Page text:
“Writing poems and creating the canvases are definitely tools that I have used to cope with the loss of my brothers. It helps to confront your feelings in a way that is constructive. 

“Also, it helps us as a family to reflect on the funny memories we had with them. There are so many priceless stories and memories that we will always hold onto. Talking about the boys keeps their memory alive. 

“Sometimes, personally, what doesn’t help for me is pondering who they would be today. For some reason, only known to God, their book was complete in His eyes when we thought they’d still be writing new chapters. Thinking about what could have been and what my life might be like now (with them) invites pain and confusion.” 


Where to turn when your heart hurts:

Abigail shares: 

“The best grief group I went to was Compassionate Friends. They told me that grief is work and to be flexible.
 
“It felt very hard to lose a baby before I knew him. Like I wasn't even sure who I lost… I just knew that we would have been so linked at the heart. I hung out in a room where people had lost adult children in car accidents and children to suicide and heroin. A few Moms told me my grief was harder, because it was invisible to the world and there was no one to say "I remember Leo..." 

“That felt so generous to me. Taking my grief seriously helped me to heal. And talking about my grief with strangers helped me to heal, especially because my husband and I were processing the miscarriage in different ways. 


Advice for those mourning during the holidays (and anytime):

Abigail reflects:

“Grief is work. Don't worry about impressing other people. 

“Do the work that God has given you this season so that you can be truly free and authentic. The complicated, 'stuffed' grief comes from not wanting to work through your feelings.” 

Let God show you how to swim:

Allison shares:

“The round of firsts are the hardest parts of grief’s endless cycle that you will have to endure.  Let God be your comfort in these times. 

“There is no right or wrong way to grieve. Do not set your grief to a timetable. Your love for the one you lost has no deadline, and neither does your grief. Grief will always come in waves, but let God show you how to swim.”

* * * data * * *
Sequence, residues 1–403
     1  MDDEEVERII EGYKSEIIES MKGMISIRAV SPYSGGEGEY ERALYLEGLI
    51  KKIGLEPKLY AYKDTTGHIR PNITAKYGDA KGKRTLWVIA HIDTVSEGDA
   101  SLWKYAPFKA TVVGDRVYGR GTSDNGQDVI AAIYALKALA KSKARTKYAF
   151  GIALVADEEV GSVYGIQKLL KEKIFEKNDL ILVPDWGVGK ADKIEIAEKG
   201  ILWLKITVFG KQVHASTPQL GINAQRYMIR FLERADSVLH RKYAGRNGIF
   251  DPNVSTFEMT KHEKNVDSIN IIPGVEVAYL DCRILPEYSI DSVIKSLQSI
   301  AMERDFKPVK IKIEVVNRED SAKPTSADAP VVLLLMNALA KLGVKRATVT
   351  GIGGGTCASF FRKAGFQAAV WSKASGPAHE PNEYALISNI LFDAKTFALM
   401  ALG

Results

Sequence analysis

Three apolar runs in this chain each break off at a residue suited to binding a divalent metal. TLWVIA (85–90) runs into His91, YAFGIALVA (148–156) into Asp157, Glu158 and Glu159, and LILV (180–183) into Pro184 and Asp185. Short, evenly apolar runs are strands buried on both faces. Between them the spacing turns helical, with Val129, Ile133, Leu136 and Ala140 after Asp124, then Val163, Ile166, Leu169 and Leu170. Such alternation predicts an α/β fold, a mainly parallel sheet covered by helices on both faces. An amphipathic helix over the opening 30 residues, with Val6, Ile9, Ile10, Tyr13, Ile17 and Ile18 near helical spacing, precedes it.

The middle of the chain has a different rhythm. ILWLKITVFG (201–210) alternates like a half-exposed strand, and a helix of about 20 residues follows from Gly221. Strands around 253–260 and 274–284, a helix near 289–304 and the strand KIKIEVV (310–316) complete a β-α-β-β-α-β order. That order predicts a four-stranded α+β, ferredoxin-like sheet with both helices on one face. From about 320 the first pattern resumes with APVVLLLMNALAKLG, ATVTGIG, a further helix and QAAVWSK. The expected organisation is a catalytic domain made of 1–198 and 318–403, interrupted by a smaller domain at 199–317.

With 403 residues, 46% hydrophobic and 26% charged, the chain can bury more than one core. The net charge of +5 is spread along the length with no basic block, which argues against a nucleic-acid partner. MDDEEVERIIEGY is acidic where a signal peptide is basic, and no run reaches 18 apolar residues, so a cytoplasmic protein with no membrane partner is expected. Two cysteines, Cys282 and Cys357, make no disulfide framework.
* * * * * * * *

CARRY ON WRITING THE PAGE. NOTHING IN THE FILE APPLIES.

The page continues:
Compassionate Friends:

"Time has proven that in caring and sharing comes healing."

Compassionate Friends is a national nonprofit, self-help support organization that offers friendship and understanding to bereaved parents, grandparents, and siblings. Founded in 1969, they have more than 650 local chapters across the country where regular meetings provide a caring environment for parents and families to work through their grief with the help of others who have "been there.” 

To contact them, call: 877-969-0010 or visit their web site.


Do you have a story of grief and hope that you would like to share?

Please write to me: 

-------

Read more about how Xavia Pirozzi’s classmates of the John Carroll Class of 2014 honored her memory:


3. On the second anniversary of her death: Senior year for the Class of 2014:
    




December 23, 2015 04:32
By Patti Murphy Dohn


Grief and mourning during the holidays: How to cope when you aren't feeling jolly


"Death leaves a heartache no one can heal; Love leaves a memory no one can steal."

~From a headstone in Ireland

Experiencing the unexpected: 


One of my husband's oldest friends died suddenly ten days ago. There was no warning. He suffered a massive stroke and was gone two days later.

Wes' death hit us very hard. It was so unexpected. He and his wife had just visited us last month in Florida. We had had such a wonderful time together… The shock of his stroke and death hit us so hard. 

Not only was it a reality check, confirming that we truly never know the day or time, but it also was a sober reminder that we are not getting any younger. 


That pressure to be in the holiday spirit:

Julius Caesar once mused, “Which death is preferably to every other? The unexpected.” 

That being said, the families of those lost without any warning suffer greatly as they try to cope without their loved ones.

And the holiday season is particularly tough for those who are in mourning. With an emphasis on families and togetherness, while being bright and merry, this time of year is often dreaded by those who suffer from grief, sickness, loneliness, and heartache. 


Today I will share some reflections and advice for the holiday season from a few families who have lost adult loved ones.

Next week, I will share the sad stories of families mourning the loss of children and how they cope and honor these young lives taken too soon.


How to cope and put on a happy face when your spirits feel low?

My friend Ann understands the challenge of grief. She remembers how difficult it was years back to lose her first husband (“the biggest loss of my life”) when she was just 32 with two young daughters. She just recently lost her mother, who died peacefully at age 93. Ann told me how much she misses talking to her about the grandchildren and all the family traditions they shared.